We have no central heat (in KZ, the gas is turned on on October 15, technically, but most places take a few days after that, even if it’s snowing). Instead, in the winter kitchen, there’s something that looks like a whitewashed stove. Dilda Apai, my host mother, usually starts a fire underneath it at about 6pm, and it burns out at about 9pm. There’s a little trap door, where she feeds wood and garbage, and on top four burner-type things. On the burners are various tea kettles, buckets, and other containers in all shapes and sizes, all filled with water. This is how we get hot water. If you lift the burner lid, there are high orange flames. The enclosed fire gives off smoke that goes into a tube that first goes through the wall into the living room. The tube snakes around the house then doubles back on itself like a giant paperclip. The fold is in my room, so I get the heat last. But that’s okay; we just wear lots of sweaters until about 8pm, then we go to bed at 11, when it's cooling down again.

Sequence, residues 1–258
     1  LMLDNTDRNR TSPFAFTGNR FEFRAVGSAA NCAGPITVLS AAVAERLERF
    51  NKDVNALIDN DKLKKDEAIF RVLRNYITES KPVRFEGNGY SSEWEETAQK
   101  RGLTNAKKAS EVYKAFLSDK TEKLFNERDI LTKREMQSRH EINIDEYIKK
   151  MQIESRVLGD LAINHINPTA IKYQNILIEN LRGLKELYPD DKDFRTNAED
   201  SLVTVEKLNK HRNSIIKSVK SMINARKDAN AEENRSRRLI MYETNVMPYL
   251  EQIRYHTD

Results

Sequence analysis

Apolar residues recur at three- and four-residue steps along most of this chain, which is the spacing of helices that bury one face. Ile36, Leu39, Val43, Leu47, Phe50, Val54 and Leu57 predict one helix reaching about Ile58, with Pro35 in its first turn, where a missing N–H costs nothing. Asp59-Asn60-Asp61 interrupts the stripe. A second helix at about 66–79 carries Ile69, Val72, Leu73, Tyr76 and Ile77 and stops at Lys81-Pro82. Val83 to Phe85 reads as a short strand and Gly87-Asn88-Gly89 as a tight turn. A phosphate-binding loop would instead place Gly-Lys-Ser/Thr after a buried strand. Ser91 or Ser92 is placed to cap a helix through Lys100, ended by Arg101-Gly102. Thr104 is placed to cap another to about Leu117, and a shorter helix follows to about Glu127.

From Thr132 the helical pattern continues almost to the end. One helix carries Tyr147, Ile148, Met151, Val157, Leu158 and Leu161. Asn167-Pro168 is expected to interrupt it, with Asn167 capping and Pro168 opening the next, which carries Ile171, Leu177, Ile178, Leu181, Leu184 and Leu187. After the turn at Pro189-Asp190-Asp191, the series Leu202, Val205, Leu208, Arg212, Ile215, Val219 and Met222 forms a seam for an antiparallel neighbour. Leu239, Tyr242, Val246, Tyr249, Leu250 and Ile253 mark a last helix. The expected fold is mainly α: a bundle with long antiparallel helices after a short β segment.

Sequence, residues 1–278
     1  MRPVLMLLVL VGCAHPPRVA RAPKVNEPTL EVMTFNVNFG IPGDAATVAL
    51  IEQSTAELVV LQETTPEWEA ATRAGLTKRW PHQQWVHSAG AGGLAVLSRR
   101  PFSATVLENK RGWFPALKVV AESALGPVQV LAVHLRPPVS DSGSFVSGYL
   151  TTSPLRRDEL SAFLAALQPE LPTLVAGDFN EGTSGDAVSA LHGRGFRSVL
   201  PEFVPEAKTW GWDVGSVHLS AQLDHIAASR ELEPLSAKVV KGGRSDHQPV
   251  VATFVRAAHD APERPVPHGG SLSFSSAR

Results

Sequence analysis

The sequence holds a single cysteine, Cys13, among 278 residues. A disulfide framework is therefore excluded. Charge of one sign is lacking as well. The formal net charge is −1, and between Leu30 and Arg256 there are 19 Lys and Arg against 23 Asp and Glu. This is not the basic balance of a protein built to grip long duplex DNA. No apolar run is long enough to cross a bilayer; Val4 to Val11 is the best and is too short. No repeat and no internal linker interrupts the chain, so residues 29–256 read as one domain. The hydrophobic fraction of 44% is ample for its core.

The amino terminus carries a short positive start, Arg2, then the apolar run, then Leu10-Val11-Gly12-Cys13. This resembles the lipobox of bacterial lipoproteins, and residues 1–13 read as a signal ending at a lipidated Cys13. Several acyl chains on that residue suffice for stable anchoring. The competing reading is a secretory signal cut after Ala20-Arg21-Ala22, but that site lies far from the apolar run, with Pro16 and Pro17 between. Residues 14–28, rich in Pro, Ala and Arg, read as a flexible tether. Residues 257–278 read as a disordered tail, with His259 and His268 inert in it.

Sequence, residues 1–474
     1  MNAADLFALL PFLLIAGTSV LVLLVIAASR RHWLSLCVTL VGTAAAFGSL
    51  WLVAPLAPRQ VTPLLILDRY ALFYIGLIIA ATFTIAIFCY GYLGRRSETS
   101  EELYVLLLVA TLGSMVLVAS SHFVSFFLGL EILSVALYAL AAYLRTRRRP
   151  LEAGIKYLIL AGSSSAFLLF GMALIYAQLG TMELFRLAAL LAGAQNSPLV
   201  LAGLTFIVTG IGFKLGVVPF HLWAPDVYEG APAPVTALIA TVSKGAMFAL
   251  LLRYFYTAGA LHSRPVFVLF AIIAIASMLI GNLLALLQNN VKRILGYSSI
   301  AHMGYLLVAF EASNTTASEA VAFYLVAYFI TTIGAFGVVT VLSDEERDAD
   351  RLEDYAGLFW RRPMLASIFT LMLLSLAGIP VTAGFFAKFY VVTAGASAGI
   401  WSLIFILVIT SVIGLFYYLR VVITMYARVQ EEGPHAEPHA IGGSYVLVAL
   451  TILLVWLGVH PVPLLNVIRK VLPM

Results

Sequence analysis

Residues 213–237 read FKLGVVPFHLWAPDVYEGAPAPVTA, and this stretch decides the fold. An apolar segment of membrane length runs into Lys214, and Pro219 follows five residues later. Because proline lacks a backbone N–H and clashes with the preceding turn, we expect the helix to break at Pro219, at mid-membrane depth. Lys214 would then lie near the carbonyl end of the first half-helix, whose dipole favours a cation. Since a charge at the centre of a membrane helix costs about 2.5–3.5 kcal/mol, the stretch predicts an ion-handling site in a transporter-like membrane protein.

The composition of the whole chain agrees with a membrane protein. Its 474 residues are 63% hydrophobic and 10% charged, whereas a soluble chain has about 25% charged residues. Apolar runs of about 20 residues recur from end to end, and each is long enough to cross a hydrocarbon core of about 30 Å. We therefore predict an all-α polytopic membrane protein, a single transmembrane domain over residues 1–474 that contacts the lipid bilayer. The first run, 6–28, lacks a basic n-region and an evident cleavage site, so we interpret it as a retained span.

I did laundry last night, and it was quite a production because of limited facilities. The kettles and buckets sitting on the fireplace are all filled with water every night, and used for various purposes in conjunction with some plastic basins. On Sunday nights, the girls wash their hair. Shataghoul and Dimira both have waist-length hair, and they wash it in a single bucket as one washes laundry. They dip it in a few times, rub in some Head and Shoulders (shampoo of choice in KZ) and, bending over forward, knead their hair in the water. They do this a few times, then get their scalps. Then, they twist their hair mostly dry like a towel. This is roughly the way I do laundry. It doesn’t get very clean. We volunteers were joking that pioneers in America had better equipment than we do, since they had rivers and washboards. In this house, there is a sink with cold running water, so I’m finally able to rinse my clothes adequately, but it’s so hard do get something clean in a bucket that’s seen two week’s worth of underwear, tights, socks, and other mud-caked items. Instead of a washbord, you just rub your clothes against each other to get stains out. Not extremely effective. Usually, the first few seconds in the sink, brown water comes from each item. Although it would be easier to just put them outside, since it rains every day, rain-rinsed clothes smell funny.